In all the hullaballoo about what the next iPhone may bring, whether RIM has lost its mind with the PlayBook tablet, and how Google plans to herd the many Android cats into a cohesive platform -- plus, all the FUD on mobile security and management promulgated by dozens of vendors -- lost is the notion of location-based services. Known by the acronym LBS, such services hold amazing potential for newfound utility from mobile computing -- if the industry doesn't kill it off first.
Mobile marketers almost sunk location services a decade ago, in that false spring of WAP and (promised but not delivered) 3G networks. They viewed location information as a great way to pummel people with ads and other come-ons, but the nightmare proposition of cell phones beeping every few seconds with a new promo as you walked in a mall or drove down a freeway scared off early adopters and got the civil liberties folks in a (righteous) uproar. It could happen again, if companies latch onto the kind of abusive services for which Facebook is infamous.
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Even if the industry is more careful, a lot of what makes location services cool also makes them creepy. For example, at a recent conference, a CIO said he'd love it if his employees broadcast their location via smartphone. That way, if colleagues were at the same airport they could find each other, or if a person were not at her desk, the system would know and be able to forward phone calls or respond with an "away" prompt.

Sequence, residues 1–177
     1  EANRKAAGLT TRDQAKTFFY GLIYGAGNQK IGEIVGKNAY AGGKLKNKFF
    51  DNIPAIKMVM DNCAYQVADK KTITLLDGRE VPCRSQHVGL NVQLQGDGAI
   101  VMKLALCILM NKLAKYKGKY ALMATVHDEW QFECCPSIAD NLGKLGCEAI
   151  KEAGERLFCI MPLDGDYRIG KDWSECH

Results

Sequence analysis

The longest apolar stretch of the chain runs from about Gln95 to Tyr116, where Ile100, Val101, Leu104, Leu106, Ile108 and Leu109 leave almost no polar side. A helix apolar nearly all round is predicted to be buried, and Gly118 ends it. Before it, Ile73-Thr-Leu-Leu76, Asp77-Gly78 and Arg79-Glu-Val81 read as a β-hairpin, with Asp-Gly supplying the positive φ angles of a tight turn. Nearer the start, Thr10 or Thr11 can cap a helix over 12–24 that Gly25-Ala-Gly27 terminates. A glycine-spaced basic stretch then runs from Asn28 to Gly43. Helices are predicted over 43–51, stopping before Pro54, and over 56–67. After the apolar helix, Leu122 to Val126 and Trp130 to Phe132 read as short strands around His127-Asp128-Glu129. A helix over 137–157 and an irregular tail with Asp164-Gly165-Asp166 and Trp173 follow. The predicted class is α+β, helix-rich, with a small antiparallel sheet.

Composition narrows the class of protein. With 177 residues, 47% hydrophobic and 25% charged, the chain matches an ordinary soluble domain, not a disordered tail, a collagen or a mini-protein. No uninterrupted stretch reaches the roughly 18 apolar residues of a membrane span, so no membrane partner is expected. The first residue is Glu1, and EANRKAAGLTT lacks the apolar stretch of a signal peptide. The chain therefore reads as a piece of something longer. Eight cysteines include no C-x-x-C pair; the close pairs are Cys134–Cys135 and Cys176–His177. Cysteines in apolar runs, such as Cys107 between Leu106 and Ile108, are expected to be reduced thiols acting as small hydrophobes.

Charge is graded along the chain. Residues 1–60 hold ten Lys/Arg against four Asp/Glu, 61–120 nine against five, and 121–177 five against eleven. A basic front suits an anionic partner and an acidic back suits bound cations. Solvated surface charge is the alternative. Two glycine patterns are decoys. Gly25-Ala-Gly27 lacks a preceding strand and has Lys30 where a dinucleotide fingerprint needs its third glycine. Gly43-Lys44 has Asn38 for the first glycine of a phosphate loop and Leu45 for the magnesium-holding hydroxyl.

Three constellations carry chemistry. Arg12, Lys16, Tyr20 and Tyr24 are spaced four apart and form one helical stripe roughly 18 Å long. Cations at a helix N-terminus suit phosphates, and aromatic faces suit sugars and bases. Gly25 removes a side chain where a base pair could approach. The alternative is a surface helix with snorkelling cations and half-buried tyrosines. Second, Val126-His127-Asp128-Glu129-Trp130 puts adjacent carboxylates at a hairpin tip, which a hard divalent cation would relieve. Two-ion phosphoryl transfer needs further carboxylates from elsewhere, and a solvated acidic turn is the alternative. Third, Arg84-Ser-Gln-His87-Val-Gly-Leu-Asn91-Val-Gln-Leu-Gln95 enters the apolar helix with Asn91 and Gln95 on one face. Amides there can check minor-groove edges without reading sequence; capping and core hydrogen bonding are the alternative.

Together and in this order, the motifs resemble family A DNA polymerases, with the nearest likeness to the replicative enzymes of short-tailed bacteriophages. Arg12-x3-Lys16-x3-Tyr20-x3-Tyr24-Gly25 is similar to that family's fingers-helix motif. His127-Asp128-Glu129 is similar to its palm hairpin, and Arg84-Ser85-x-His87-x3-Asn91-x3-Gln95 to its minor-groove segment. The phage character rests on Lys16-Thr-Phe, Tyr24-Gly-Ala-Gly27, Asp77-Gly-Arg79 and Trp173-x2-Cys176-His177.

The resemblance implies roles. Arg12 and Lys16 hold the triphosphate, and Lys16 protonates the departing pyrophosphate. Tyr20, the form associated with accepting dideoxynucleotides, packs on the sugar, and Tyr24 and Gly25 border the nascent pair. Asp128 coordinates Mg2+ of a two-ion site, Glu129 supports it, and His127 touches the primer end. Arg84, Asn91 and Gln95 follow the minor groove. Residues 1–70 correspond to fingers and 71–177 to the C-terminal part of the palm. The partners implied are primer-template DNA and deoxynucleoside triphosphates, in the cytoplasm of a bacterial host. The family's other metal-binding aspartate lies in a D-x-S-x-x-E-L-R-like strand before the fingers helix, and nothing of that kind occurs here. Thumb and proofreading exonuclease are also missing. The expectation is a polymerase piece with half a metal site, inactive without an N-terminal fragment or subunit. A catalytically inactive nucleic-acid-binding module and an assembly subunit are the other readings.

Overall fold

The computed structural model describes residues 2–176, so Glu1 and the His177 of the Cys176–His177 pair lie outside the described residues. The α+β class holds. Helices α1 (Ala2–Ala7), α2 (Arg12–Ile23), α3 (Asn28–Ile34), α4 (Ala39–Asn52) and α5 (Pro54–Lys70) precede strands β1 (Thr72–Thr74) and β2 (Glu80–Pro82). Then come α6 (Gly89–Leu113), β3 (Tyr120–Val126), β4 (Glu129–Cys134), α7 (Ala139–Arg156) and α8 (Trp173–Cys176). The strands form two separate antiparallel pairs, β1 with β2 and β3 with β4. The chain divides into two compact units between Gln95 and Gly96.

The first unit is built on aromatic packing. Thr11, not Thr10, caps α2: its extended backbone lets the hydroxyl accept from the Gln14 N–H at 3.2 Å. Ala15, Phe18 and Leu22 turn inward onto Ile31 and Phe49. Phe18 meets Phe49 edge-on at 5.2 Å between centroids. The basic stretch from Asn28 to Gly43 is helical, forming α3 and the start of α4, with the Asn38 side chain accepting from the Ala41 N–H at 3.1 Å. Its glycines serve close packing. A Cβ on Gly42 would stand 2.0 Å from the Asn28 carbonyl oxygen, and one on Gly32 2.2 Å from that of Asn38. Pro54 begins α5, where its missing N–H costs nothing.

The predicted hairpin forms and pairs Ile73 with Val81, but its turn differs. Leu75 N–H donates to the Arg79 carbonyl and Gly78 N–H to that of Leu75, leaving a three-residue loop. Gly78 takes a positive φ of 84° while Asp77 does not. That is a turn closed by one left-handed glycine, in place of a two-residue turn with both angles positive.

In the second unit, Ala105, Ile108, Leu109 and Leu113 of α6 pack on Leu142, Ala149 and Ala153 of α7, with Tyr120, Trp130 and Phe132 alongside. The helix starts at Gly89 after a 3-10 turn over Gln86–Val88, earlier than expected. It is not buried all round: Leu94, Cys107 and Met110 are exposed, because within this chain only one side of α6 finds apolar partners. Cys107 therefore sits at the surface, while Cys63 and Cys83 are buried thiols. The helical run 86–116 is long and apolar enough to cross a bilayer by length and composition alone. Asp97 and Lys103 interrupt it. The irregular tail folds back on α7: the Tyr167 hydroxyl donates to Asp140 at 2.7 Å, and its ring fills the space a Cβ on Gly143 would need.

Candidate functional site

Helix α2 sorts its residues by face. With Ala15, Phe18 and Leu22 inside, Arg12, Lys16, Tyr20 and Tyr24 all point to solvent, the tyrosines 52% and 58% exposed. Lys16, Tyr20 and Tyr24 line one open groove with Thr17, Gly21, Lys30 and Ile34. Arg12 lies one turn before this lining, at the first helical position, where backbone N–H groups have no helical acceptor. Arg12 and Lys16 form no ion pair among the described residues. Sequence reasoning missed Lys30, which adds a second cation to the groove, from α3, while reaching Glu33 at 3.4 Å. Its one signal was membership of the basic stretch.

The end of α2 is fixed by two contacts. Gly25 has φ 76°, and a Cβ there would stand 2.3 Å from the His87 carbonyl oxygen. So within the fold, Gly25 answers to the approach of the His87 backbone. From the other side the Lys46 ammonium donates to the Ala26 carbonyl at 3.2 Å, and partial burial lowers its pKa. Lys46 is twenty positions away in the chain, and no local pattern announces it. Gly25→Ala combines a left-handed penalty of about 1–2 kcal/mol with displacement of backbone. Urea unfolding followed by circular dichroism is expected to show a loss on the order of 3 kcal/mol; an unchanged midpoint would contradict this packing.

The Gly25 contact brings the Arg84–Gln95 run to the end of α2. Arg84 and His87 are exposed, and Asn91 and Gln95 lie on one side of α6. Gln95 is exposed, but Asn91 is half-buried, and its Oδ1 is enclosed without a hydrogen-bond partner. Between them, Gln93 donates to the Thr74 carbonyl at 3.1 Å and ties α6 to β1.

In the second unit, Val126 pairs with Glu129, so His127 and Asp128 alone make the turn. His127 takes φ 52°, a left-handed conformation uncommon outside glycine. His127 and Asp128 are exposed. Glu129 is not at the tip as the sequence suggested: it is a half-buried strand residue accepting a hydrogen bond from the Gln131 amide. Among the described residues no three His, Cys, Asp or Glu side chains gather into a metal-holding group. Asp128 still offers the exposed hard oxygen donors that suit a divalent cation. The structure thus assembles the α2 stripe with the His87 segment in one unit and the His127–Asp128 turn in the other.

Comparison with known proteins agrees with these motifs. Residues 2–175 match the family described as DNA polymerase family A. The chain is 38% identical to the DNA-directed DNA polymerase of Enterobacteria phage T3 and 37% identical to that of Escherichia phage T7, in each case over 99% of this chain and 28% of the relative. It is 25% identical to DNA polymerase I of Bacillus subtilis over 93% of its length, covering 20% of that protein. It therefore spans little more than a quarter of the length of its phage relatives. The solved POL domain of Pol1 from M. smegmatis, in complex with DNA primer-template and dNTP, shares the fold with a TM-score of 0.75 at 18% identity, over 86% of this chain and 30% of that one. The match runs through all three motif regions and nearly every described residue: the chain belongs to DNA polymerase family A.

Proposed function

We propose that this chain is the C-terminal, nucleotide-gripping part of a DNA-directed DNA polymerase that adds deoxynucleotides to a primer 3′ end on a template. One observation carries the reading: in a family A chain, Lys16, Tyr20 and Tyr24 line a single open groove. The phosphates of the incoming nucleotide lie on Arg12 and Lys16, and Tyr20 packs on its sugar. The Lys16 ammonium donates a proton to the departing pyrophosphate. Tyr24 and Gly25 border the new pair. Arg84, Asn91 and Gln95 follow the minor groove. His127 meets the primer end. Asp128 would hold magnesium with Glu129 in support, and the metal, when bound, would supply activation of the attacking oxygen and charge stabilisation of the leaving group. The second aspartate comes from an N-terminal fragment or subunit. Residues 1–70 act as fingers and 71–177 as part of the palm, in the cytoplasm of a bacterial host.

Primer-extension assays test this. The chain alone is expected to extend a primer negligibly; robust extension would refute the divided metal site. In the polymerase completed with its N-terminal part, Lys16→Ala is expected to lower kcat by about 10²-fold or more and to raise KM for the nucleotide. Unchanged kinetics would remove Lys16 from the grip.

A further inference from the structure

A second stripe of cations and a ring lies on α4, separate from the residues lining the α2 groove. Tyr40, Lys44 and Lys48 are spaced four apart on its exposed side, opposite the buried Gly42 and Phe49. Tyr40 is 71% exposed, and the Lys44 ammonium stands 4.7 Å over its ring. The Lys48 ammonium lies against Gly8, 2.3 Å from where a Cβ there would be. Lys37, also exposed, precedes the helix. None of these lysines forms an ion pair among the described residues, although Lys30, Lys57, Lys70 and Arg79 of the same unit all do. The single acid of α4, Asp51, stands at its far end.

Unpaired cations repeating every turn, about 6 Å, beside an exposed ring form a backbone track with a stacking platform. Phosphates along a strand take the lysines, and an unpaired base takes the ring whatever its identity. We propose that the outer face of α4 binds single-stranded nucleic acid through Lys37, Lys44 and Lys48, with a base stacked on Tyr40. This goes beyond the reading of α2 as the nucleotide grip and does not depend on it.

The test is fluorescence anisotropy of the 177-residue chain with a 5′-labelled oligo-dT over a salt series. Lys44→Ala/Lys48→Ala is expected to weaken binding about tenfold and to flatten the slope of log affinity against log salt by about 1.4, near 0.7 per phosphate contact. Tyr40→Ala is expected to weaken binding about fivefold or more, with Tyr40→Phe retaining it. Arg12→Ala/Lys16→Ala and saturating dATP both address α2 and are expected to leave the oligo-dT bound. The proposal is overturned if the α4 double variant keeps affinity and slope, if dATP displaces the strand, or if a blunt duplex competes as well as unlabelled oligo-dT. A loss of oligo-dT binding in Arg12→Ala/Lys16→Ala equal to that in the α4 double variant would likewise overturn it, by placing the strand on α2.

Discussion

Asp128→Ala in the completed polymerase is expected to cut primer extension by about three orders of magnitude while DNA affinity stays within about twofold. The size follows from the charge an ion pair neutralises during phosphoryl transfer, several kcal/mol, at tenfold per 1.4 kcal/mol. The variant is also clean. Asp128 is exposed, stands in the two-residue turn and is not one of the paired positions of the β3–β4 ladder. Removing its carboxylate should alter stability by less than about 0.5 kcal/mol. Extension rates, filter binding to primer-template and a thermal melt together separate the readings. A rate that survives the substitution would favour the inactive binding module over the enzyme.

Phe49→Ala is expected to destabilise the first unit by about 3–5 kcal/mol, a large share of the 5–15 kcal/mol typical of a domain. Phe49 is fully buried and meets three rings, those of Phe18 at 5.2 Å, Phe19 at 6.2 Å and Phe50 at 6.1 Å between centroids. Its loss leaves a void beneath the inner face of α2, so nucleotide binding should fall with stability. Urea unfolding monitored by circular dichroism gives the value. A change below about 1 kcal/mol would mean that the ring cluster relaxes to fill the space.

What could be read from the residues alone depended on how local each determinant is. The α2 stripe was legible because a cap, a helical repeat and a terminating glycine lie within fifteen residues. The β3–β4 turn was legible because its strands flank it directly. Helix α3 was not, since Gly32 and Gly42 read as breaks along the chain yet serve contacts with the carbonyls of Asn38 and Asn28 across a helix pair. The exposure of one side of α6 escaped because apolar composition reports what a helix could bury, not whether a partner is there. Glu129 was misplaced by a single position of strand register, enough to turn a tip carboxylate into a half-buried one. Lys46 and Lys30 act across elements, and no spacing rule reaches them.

However, such location awareness would also let the manager see where the employee was at nights and on weekends. Sure, you could turn off the locator app -- but remembering to do so is an easy step to miss. Many employers already spy on employees this way; it's standard practice in the delivery industry to monitor each vehicle to make sure drivers don't goof off while on their rounds, as well as to see if they're speeding, taking time- and fuel-efficient routes, and so on. It is Big Brotherish, but at least the tracking is of the vehicle, so when the employees aren't on duty, they're not trackable.
In an era when personal smartphones and tablets are used for business -- and vice versa -- as is becoming increasingly common among knowledge workers and sales staff, the issues of being trackable and when that's OK are messy and off-putting.
The same location detection that lets me find the nearest store with a better price for an item I just scanned on my iPhone can let retailers know where I am so that they can spam me. The same location detection that lets an Android smartphone give me directions to a client's address can allow my boss to follow my movements.